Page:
PHYC40050-L05-CliModels

PHYC40050-L05-CliModels - Climate, Climate Change Nuclear...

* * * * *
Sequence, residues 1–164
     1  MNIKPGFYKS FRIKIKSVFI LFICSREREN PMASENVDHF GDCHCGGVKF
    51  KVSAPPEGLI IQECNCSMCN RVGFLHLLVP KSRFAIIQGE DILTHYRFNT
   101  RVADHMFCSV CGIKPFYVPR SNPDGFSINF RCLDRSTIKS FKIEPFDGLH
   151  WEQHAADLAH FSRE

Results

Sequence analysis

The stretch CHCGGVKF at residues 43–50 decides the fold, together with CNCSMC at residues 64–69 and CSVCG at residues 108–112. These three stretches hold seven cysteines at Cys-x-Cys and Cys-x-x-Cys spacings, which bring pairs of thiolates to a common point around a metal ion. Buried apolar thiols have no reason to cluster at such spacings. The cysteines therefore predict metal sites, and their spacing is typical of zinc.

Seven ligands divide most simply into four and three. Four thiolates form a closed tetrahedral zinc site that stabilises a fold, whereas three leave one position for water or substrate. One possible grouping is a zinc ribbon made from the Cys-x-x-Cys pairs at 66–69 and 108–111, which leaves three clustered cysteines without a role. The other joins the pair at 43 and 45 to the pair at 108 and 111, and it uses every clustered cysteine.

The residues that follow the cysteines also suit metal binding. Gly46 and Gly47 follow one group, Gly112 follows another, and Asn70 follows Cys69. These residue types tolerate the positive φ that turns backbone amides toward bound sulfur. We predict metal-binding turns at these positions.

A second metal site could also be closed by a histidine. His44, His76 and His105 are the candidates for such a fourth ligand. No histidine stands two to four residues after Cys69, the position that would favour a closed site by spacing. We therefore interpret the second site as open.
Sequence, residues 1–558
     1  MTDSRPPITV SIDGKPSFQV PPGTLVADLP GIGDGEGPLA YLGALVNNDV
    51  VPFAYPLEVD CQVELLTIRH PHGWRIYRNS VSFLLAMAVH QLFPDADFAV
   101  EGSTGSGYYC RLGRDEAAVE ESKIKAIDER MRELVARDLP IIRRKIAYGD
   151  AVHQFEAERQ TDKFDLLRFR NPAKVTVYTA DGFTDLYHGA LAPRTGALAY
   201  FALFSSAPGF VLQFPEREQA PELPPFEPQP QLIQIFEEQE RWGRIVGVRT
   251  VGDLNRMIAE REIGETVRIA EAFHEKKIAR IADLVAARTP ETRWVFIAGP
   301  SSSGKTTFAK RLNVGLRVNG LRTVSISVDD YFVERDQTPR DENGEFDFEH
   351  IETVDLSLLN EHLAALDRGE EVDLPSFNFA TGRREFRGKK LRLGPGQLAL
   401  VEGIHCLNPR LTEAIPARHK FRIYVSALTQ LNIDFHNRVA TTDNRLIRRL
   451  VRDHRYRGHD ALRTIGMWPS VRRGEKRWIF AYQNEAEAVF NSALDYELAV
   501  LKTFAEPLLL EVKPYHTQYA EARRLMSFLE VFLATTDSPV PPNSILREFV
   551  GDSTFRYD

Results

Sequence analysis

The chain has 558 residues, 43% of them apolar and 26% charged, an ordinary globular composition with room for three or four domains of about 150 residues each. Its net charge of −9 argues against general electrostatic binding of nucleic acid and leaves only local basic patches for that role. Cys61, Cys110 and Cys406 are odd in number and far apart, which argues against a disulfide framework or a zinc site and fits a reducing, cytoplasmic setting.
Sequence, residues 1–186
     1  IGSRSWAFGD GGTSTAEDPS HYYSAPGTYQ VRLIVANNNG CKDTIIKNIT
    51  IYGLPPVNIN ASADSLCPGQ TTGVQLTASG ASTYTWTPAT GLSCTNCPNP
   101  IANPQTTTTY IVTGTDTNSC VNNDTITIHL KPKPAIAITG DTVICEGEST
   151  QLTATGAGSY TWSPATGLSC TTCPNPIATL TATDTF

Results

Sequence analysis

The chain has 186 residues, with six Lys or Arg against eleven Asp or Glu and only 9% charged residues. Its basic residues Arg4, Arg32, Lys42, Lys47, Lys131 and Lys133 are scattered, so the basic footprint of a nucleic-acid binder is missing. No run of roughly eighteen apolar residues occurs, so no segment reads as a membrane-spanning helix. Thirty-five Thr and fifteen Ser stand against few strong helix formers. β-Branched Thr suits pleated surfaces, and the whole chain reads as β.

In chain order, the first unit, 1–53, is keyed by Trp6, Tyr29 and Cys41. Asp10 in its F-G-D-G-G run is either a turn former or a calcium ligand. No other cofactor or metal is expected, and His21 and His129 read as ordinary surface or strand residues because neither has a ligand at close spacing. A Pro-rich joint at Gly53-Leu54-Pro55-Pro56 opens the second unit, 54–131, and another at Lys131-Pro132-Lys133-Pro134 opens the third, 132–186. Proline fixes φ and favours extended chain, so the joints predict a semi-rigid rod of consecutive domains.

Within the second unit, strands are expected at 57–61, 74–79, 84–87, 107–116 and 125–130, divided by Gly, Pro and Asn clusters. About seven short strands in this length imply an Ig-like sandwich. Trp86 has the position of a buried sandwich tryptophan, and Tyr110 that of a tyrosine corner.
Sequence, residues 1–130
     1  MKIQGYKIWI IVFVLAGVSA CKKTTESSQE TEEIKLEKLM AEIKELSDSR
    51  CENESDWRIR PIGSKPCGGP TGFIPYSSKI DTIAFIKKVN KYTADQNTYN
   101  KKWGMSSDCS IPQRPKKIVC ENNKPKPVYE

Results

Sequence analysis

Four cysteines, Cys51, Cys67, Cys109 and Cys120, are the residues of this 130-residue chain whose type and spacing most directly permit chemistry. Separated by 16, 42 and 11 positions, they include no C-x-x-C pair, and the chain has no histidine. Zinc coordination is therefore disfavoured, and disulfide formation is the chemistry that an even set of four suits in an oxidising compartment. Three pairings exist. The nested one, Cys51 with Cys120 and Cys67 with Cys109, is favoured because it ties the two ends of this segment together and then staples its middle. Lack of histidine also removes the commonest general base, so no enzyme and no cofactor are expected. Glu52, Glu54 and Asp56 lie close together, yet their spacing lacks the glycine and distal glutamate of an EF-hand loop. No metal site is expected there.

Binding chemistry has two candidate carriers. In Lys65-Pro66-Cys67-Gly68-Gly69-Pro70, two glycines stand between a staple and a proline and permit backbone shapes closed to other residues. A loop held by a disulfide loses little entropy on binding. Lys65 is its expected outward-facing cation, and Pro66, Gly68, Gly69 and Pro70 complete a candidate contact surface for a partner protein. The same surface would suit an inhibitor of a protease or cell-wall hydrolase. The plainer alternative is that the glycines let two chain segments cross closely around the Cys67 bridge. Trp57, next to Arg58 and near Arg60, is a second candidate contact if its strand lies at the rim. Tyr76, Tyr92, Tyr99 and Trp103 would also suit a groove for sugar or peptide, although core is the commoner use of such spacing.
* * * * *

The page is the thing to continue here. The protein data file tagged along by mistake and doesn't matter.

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Unformatted text preview: Climate, Climate Change Nuclear Power and the Alternatives Climate, Climate Change Nuclear Power and the Alternatives PHYC 40050 Peter Lynch Meteorology & Climate Centre School of Mathematical Sciences University College Dublin PHYC 40050 Environmental Physics PHYC 40050 Environmental Physics Lecture 5 Modelling Climate Change Feature: February 2007 “A model approach to climate change” Adam Scaife, Chris Folland and Scaife, John Mitchell “The Earth is warming up, with potentially disastrous consequences.” PHYC 40050 Environmental Physics PHYC 40050 Environmental Physics IPCC http://www.ipcc.ch http://www.ipcc.ch The Intergovernmental Panel on Climate Change Fourth Assessment Report Climate Change 2007 PHYC 40050 Environmental Physics Climate Change 2007: The Physical Science Basis Summary for Policymakers Warming of the climate system is unequivocal … ... there is very high confidence that the effect of human activities has been one of warming. PHYC 40050 Environmental Physics 1 Concentration of CO2 Mauna Loa, Hawaii, 1958–2004 Climate Change 2007: The Physical Science Basis Summary for Policymakers The atmospheric concentration of carbon dioxide in 2005 exceeds by far the natural range over the last 650,000 years. years. PHYC 40050 Environmental Physics PHYC 40050 Environmental Physics CO2 Concentration, last 10,000 years x x Human population, last 7,000 years PHYC 40050 Environmental Physics PHYC 40050 Environmental Physics Climate Change 2007: The Physical Science Basis Summary for Policymakers For the next two decades a warming of about 0.2°C per decade is projected ... It is very likely that hot extremes, heat waves, and heavy precipitation events will continue to become more frequent. PHYC 40050 Environmental Physics PHYC 40050 Environmental Physics 2 Climate Change 2007: The Physical Science Basis Summary for Policymakers How do they do that? How does the IPCC know what is going to happen? Our best means of anticipating climate change is by means of Anthropogenic warming and sea level rise will continue for centuries due to the will timescales associated with climate processes and feedbacks. computer climate models. PHYC 40050 Environmental Physics PHYC 40050 Environmental Physics A Physical Model: Spitfire The “real thing” A Mathematical Model: The Population Explosion Observation Prediction Model Airfix Model PHYC 40050 Environmental Physics PHYC 40050 Environmental Physics Climate Models • The climate system is enormously complex • Climate models are amongst the most complex models in all of science • Climate models are based on fluid mechanics and thermodynamics The Basis of Climate Modelling Newton’s Law of Motion F = ma PHYC 40050 Environmental Physics PHYC 40050 Environmental Physics 3 T h e r m o d y n a m i c s PHYC 40050 Environmental Physics PHYC 40050 Environmental Physics The Atmospheric Equations • The Navier-Stokes Equations Navier• The Continuity Equation • Continuity Equation for Water • The Thermodynamic Equation • The Equation of State (Boyle/Charles) PHYC 40050 Environmental Physics Source PHYC 40050 Environmental Physics Source term Computational Grid Vilhelm Bjerknes (1862–1951) PHYC 40050 Environmental Physics PHYC 40050 Environmental Physics 4 Bjerknes’ 1904 Manifesto To predict future states of the atmosphere. We need: 1. A sufficiently accurate knowledge of the initial state of the atmosphere 2. A sufficiently accurate knowledge of the laws of physics governing its behaviour. PHYC 40050 Environmental Physics Lewis Fry Richardson (1881–1953) Richardson computed by hand the pressure change at a single point. It took him two years ! His ‘forecast’ was a catastrophic failure: Δp = 145 hPa in 6 hours PHYC 40050 Environmental Physics Richardson’s Forecast Factory (…the start of The Big Crunch…) Electronic Numerical Integrator and Computer The first multipurpose programmable electronic digital computer • 18,000 valves • 70,000 resistors • 10,000 capacitors • 6,000 switches • 140 kWatts power ENIAC PHYC 40050 Environmental Physics PHYC 40050 Environmental Physics Computer Forecasting Skill [The longest verification series in existence] Line: Moore’s Law PHYC 40050 Environmental Physics PHYC 40050 Environmental Physics 5 Elements of the Climate System • • • • • The atmosphere The ocean The cryosphere The geosphere The biosphere Parameterisation We have to represent a wide range of processes occurring on scales smaller than the resolution of the models. • • • • Convective and stratiform clouds Infrared and visible radiation The topography of the Earth's surface Atmospheric turbulence on many scales. PHYC 40050 Environmental Physics There are interactions between these sub-systems subAll these sub-systems are represented in modern subEarth System Models PHYC 40050 Environmental Physics CLOUDS AND CLIMATE Low clouds reflect sunlight but trap little infra-red radiation; infra- UNCERTAINTIES IN CLIMATE CHANGE PREDICTIONS Projections of future emissions Projections Initial climate conditions Initial Natural and human climate factors Natural Realism of the climate model Realism They act to cool climate They High clouds reflect sulight but also trap infra-red radiation; infra- They act to warm climate Global warming may change the characteristics of clouds, thus altering their effect on climate PHYC 40050 Environmental Physics feedbacks feedbacks resolution resolution extremes of climate extremes Surprises ! ! ! Surprises PHYC 40050 Environmental Physics Some Irish Contributors to Meteorology & Climate Science • • • • • • • Robert Boyle (1627-1691) Richard Kirwan (1733–1812) Francis Beaufort (1774–1857) John Tyndall (1820–1893) George G Stokes (1819–1903) William Thompson (1824–1907) Osborne Reynolds (1842–1912) John Tyndall (1820–1893) • Born at Leighlinbridge Co Carlow • Studied with Bunsen in Marburg • Associated with Royal Institution • Assistant to Michael Faraday • Wrote 16 books and 145 papers. PHYC 40050 Environmental Physics PHYC 40050 Environmental Physics 6 Tyndall and the Greenhouse Effect “without water vapour, the Earth’s surface would be held fast in the iron grip of frost” Tyndall showed that water vapour, CO2 and ozone are strong absorbers of heat radiation Tyndall speculated how changes in water vapour and CO2 are related to climate change This is what we call the Greenhouse Effect. PHYC 40050 Environmental Physics THE GREENHOUSE EFFECT Visible energy from the sun passes through the glass and heats the ground Infra-red heat energy from the ground is partly reflected by the glass, and some is trapped inside the greenhouse PHYC 40050 Environmental Physics PHYC 40050 Environmental Physics PHYC 40050 Environmental Physics Hurricane Katrina • • • • • • Sustained winds 175 mph Category 5 storm at maximum Category 4 on landfall 150 miles wide: as big as Ireland 10 metre storm surge Torrential rainfall. PHYC 40050 Environmental Physics Katrina and Global Warming Was Hurricane Katrina due to climate change? We cannot be sure. Storms like this have occurred before. However, violent hurricanes will become more common in a warmer world: Higher temperatures => Warmer oceans => More moisture and energy => Larger, fiercer storms. PHYC 40050 Environmental Physics 7 Extraordinarily Mild Autumn, 2006 Return time for Normal fit PHYC 40050 Environmental Physics PHYC 40050 Environmental Physics European Heatwave, Summer 2003 • The hottest Summer in 500 years. • There were more than 27,000 excess deaths due to the heat. Was this merely a rare meteorological event or a first glimpse of things to come? Probably both! PHYC 40050 Environmental Physics Temperature Anomaly, June–August, 2003 Colour: Deviation from 1961–1990 mean. Contours: ΔT normalized by standard deviation. PHYC 40050 Environmental Physics Distribution of Temperatures Summer 2007 has been simulated with and without the effect of mankind’s activities [Schär, et al., Nature, 427, Jan 22, 2004] Swiss temperature series, 18642003 Conclusion: Such heatwaves are now four times more likely, due to human influence on climate. PHYC 40050 Environmental Physics The 2003 heatwave was far outside the expected range. It was an extremely rare event: σ = 0.94K ΔT = 5.4 σ PHYC 40050 Environmental Physics 8 Both mean and standard deviation will change. Predicted Change in Distribution Consequences of global warming Increased frequency of floods and droughts Water supplies and ecosystems under threat Agricultural practices will have to change Top: Distribution in past: Bottom: Distribution in future: T = 20.7 ̊ C, σ = 1.84 ̊ C PHYC 40050 Environmental Physics T = 16.1 ̊ C, σ = 0.97 ̊ C Millions of people displaced as the sea rises Global economy severely affected. PHYC 40050 Environmental Physics Why trust climate models? • Based on established laws of physics • Embody our best knowledge about the interactions and feedback mechanisms • Forecast weather skilfully over days ahead • Reproduce the current worldwide climate • Simulate ice ages & Holocene warm period. PHYC 40050 Environmental Physics Surprises It is very likely that we will be unpleasantly surprised by factors unforeseen. Let us call such events Unanticipated Emergent Phenomena “UEPs” UEPs” The term “Banana Skins” does not have sufficient academic gravitas. gravitas. PHYC 40050 Environmental Physics A UEP: The Ozone Hole The Ozone Hole was not Anticipated Initial response was disbelief It was explained after the event ! Nonlinear systems: bifurcations. Example: Hurricanes require SST > 26 ̊ C If SST were everywhere below 26 ̊ C, we would not know about hurricanes Atmospheric systems we have yet to dream of may be possible PHYC 40050 Environmental Physics PHYC 40050 Environmental Physics 9 Positive Feedbacks • Water vapour • Clouds (sign uncertain ! ) • Ice-albedo effect • Carbon cycle: Death of rainforests • CO2 and Methane from thawing permafrost • Methane hydrates from beneath ocean floor. PHYC 40050 Environmental Physics Climate out of control If a positive feedback is not controlled, it could trigger further run-away effects A qualitative change of climate regime cannot be ruled out. There is an unquantifiable risk of catastrophic climate change PHYC 40050 Environmental Physics We face a clear challenge • To avoid drastic changes by minimizing production of greenhouse gases • To develop responsible mitigation and adaptation policies • To avoid reaching a “tipping-point” where a UEP will get us. End of Lecture 5 PHYC 40050 Environmental Physics PHYC 40050 Environmental Physics 10 ...